Lifting as we Climb
-Mary Church Terrell
THE HISTORY OF OMEGA PSI PHI FRATERNITY, INC.
In 1922, J. Alston Atkins, the 9th Grand Basileus, appointed the first district representatives. Today, there are eleven such officers who are elected annually at district meetings.
Also in 1922, the office of Vice Grand Basileus was created. The Grand Keeper of Records became the Grand Keeper of the Records and Seal. In 1923, Lambda Chapter affectionately referred to as “the pearl of the west coast,” was organized at the University of Southern California. Omega Psi Phi becomes the first black Greek organization to span its membership across the United States – from the Atlantic (Iota in Atlantic City) to the Pacific (Lambda in Los Angeles). Sigma chapter was organized at McGill University, which is located in Montreal, Quebec (Canada) on December 15, 1923. Brother Walter R. Dunston, former Basileus of Phi chapter, set up the fraternity’s first international chapter with the assistance of Brother George W. Brown. In 1926, the memorial for Brother Colonel Charles Young is held at Arlington National Cemetery. Memorial Service is established to memorialize Brother Young’s birthday. The first Omega Bulletin was published in 1928 and Campbell C. Johnson was the editor. In 1930, Omega Psi Phi became one of five founding members of the National Pan-Hellenic Council with 13th Grand Basileus Matthew W. Bullock elected as its first permanent chairman.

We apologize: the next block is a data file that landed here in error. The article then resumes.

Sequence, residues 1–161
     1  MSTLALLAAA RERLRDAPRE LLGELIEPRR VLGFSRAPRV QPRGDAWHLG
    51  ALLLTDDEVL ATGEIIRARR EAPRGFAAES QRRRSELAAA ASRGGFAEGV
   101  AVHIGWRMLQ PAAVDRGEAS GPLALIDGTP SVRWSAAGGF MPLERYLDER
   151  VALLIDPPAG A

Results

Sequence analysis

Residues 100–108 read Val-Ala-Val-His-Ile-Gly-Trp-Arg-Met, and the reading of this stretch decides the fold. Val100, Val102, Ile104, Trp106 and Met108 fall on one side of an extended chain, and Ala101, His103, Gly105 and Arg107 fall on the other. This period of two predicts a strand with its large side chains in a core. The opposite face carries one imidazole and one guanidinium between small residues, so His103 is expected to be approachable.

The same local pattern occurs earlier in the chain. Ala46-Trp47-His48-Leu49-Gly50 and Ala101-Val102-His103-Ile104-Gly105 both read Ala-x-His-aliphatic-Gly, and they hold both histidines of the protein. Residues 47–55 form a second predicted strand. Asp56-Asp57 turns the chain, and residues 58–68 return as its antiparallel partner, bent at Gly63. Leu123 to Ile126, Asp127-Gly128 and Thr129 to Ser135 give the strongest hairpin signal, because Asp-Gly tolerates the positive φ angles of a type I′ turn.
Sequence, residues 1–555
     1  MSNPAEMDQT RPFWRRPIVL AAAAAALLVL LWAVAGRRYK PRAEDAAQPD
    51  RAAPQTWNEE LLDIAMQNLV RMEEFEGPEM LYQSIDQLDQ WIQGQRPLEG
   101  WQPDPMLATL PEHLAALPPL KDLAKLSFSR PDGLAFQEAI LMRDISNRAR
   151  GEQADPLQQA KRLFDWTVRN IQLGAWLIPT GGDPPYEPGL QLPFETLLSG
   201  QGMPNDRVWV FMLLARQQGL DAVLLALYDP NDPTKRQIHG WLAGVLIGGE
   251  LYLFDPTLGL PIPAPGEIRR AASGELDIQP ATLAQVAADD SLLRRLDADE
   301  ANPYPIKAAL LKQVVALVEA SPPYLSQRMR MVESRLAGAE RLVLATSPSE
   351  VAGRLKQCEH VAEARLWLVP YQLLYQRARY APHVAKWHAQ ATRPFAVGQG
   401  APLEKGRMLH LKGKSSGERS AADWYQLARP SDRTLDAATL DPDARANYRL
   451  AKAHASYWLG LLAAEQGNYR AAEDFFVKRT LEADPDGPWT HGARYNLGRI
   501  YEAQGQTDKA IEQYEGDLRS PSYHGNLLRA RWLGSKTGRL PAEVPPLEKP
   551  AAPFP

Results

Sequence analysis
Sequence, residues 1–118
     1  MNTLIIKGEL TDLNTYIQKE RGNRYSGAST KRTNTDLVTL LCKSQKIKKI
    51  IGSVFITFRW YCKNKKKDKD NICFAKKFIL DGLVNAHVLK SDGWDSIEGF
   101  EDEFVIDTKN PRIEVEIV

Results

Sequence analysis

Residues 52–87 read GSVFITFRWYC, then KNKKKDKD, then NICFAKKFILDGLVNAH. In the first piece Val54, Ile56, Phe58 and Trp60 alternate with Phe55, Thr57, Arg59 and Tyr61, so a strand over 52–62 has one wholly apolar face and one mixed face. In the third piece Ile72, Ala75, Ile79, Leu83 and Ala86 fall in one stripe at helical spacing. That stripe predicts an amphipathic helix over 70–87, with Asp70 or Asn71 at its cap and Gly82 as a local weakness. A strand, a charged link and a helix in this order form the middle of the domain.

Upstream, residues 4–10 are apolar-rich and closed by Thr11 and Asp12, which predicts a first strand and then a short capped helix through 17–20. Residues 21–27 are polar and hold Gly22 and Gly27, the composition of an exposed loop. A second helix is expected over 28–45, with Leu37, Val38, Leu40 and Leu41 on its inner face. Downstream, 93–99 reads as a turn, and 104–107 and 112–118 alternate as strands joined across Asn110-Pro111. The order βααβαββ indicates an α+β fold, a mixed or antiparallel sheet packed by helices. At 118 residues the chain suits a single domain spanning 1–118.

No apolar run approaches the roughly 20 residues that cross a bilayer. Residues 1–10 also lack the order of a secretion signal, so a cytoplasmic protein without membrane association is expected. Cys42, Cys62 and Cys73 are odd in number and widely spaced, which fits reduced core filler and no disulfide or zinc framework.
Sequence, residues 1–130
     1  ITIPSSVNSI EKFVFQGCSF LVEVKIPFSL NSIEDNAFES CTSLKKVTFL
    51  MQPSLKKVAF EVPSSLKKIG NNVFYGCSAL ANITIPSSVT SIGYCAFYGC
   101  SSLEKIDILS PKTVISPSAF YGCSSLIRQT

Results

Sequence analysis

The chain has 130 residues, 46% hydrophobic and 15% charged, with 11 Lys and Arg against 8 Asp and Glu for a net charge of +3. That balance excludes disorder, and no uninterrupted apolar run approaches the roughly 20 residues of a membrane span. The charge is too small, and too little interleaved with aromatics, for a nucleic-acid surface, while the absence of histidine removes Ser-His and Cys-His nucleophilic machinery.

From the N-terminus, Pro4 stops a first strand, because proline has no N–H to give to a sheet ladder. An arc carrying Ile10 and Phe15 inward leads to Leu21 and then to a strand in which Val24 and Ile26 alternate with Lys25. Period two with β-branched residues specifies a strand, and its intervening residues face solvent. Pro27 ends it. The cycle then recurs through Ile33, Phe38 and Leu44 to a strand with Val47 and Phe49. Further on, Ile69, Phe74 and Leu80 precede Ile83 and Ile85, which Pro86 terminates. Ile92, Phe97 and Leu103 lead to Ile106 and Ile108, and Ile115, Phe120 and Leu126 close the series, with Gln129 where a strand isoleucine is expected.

“Omega Dear,” was adopted as the official hymn in 1931. Charles R. Drew, professor of surgery, and Mercer Cook, professor of languages, both members of the Howard faculty, were the composers. Cook wrote the music and first stanza; Drew wrote the last two stanzas. By mid-1930, President Franklin D. Roosevelt created the Federal Council of Negro Affairs or “Black Cabinet,” which was an informal group of African-American public policy advisors who were organized to help the country emerge out of the depression. Omega men: Robert C. Weaver, Lawrence Oxley, Roscoe Brown, Frank Horne, William Hastie, J. Arthur Weiseger, Ted Poston, Campbell C. Johnson and William Trent were among those who served on the cabinet. Each of the founders graduated and went on to have distinguished careers in their chosen fields: Edgar Love became a bishop in the Methodist church; Oscar Cooper practiced medicine in Philadelphia for over 50 years; Frank Coleman became the chairman of the Department of Physics at Howard University and Ernest E. Just became a world-renowned biologist and the 1st recipient of the prestigious NAACP Spingarn Medal.